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Musical Story Recounts Dylan-Sandburg Encounter

By Pete Zamplas

Folk music legend Bob Dylan was “knock, knock, knockin’” on not heaven’s door in 1964, but rather the Connemara home of famed writer-musician Carl Sandburg.

The Sandburg Home new amphitheater holds 200 people, and was mostly full for the Dylan-Sandburg musical tribute. Photo by Pete Zamplas.
The Sandburg Home new amphitheater holds 200 people, and was mostly full for the Dylan-Sandburg musical tribute. Photo by Pete Zamplas.

Their encounter in Flat Rock was chronicled in folk music and historical stories, by the bearded Gathering dark duo of Steve DuRose and Josh Dunkin. The singers-guitarists performed last week, before a near-capacity crowd in the Carl Sandburg Home’s new amphitheater.

In their finale, they did a creative medley of Dylan songs and Sandburg poetry set to music to illustrate how intertwined their works are. This included Sandburg’s poem Halsted Street Car, about factory worker faces “tired of wishes, empty of dreams.”

Dylan at Connemara

Dylan, 22 and a rising star in early ‘64, brought his then-new album The Times They Are A-Changin’ to Sandburg in a surprise visit. He wanted the People’s Poet to hear it, and endorse it.

He got to meet with his countercultural songwriting inspiration, for ten to 20 minutes in Connemara. But he reportedly was irked the 86-year-old did not seem to recognize him.

Sandburg Home Park Supt. Polly Angelakis enjoys the Dylan-Sandburg tribute show last week. Photo by Pete Zamplas.
Sandburg Home Park Supt. Polly Angelakis enjoys the Dylan-Sandburg tribute show last week. Photo by Pete Zamplas.

Instead, he brushed off Dylan’s album gift by remarking many (star wannabe) people gave him albums or poems. And that album was found buried with other belongings years later, hinting Sandburg rarely played it, DuRose noted.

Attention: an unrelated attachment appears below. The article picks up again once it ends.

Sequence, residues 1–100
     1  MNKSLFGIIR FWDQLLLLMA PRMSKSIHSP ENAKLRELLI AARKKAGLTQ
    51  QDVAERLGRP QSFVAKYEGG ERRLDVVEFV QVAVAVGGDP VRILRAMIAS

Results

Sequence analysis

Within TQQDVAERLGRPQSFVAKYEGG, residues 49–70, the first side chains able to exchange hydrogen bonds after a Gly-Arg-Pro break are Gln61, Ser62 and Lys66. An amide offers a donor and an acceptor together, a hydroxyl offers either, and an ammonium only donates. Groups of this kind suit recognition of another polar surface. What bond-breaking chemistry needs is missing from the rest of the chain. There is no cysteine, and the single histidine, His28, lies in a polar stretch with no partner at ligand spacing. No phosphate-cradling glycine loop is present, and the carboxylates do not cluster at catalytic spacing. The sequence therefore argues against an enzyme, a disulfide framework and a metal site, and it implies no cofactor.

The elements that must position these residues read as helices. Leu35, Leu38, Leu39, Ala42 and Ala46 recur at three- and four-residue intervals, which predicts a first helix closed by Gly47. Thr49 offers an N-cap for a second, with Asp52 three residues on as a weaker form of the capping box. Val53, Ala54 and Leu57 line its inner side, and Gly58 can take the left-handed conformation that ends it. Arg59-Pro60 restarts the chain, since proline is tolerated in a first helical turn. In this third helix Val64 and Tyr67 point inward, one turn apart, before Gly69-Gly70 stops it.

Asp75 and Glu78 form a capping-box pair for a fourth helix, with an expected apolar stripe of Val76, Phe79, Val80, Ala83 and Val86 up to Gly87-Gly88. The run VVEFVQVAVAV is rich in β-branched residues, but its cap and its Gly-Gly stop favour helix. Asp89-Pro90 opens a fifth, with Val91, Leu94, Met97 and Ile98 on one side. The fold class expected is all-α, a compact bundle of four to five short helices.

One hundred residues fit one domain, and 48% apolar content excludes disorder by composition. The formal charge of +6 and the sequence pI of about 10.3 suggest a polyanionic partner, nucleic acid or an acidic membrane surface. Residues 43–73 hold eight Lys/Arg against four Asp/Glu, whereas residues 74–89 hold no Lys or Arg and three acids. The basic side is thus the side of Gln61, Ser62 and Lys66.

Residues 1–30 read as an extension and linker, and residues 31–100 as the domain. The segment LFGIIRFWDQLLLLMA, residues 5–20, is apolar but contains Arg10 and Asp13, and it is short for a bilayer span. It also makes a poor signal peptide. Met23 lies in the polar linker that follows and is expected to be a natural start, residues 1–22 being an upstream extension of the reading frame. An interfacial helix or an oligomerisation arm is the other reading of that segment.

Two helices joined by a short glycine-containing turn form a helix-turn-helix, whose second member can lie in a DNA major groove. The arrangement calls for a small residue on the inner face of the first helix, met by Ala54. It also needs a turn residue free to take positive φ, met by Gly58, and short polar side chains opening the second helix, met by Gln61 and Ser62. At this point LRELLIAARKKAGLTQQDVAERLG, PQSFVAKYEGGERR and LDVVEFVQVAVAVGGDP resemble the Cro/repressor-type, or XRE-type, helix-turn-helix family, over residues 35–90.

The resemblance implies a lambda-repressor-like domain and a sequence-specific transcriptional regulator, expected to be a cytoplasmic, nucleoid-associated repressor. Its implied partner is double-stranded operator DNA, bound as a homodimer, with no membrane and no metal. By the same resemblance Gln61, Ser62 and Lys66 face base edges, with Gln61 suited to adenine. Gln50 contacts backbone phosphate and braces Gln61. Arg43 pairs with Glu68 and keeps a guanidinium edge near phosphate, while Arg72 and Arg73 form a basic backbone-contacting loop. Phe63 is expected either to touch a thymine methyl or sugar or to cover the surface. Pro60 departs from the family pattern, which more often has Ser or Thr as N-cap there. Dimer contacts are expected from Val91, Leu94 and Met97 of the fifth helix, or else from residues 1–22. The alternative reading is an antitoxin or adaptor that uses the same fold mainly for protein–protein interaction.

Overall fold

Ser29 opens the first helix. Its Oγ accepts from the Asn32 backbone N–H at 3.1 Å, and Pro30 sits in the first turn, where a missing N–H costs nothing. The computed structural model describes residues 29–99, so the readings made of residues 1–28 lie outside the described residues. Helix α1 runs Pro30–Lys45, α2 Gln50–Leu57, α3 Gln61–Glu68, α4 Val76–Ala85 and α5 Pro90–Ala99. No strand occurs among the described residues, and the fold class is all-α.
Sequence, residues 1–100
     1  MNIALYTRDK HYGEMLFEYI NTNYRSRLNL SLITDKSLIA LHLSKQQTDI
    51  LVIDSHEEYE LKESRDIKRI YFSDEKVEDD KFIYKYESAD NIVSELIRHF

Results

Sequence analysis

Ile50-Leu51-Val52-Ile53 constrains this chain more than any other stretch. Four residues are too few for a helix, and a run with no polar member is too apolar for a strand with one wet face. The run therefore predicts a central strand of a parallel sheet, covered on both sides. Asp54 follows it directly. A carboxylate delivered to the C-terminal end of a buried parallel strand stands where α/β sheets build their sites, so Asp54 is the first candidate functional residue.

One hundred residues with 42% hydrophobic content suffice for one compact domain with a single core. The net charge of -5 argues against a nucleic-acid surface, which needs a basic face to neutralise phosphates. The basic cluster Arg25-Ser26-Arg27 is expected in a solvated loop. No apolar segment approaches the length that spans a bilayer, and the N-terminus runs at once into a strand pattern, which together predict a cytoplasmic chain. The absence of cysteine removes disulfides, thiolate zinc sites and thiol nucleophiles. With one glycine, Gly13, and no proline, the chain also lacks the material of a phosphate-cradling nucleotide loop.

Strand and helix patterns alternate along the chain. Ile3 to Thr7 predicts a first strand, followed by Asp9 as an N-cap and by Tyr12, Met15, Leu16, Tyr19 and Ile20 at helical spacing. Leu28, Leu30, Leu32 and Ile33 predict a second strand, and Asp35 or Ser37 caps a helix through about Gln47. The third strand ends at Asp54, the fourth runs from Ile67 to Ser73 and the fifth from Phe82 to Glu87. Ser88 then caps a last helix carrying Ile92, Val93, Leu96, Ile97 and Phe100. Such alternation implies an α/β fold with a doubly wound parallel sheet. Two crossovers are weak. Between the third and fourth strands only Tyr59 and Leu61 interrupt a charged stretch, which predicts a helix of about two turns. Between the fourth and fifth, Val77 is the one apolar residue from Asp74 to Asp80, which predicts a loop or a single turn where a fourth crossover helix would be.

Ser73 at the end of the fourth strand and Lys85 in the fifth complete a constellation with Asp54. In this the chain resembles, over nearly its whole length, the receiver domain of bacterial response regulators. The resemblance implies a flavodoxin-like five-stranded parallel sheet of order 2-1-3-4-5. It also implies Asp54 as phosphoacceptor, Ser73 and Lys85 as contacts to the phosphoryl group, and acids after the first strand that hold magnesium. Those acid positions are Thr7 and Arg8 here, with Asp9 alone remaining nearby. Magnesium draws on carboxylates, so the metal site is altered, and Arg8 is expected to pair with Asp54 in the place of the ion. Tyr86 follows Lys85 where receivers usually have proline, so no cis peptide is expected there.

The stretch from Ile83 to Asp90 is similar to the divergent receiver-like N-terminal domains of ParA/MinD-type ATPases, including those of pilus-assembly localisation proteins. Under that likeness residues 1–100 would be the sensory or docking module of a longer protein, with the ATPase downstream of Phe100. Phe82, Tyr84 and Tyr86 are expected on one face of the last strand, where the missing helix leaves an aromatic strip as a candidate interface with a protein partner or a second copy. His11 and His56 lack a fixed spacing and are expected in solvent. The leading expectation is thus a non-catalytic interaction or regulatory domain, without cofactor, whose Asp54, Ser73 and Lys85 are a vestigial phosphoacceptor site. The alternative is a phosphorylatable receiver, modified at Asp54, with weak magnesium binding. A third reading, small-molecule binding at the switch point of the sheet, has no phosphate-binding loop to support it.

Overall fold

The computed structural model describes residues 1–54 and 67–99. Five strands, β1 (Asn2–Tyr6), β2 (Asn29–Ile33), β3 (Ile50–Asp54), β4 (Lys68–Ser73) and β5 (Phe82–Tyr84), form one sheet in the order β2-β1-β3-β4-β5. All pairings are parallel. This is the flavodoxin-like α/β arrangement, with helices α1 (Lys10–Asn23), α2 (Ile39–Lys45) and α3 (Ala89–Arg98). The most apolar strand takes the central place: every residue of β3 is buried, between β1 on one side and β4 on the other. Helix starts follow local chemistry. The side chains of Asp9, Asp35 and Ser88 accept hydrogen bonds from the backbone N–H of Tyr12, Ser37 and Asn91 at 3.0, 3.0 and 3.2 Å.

Dylan and three friends including Pete Carmen drove in a powder blue Ford station wagon from NYC to Kentucky;s striking miners, to N.C., N.O. for Mardi Gras, then to S.F. as they widened horizons and lyrical inspiration.
Carmen and Sandburg’s housekeeper are the two main sources, whose accounts DuRose and Dunkin read. They heard more from some locals.
Dylan stopped in Flat Rock Feb. 6, 1964 — three days before The Beatles launched Beatlemania on The Ed Sullivan Show. Much was evolving musically and culturally, when the two scruffy-haired gents met in Flat Rock.

Dylan introduced himself to Sandburg as a “poet, too,” and was welcomed for a brief chat. They share artistic traits. Each often rambled in casual and even slang terms and bucked standard form in their works. They sought social change, and experienced poverty as young men. Sandburg rode trains as a hobo, circa 1900. Dylan was homeless in NYC, circa 1960. Both exuded a lifelong restless spirit. Sen. Adlai Stevenson once hailed Sandburg’s “restlessness of the seeker, the questioner, the explorer of far horizons, the hunger that is never satisfied.”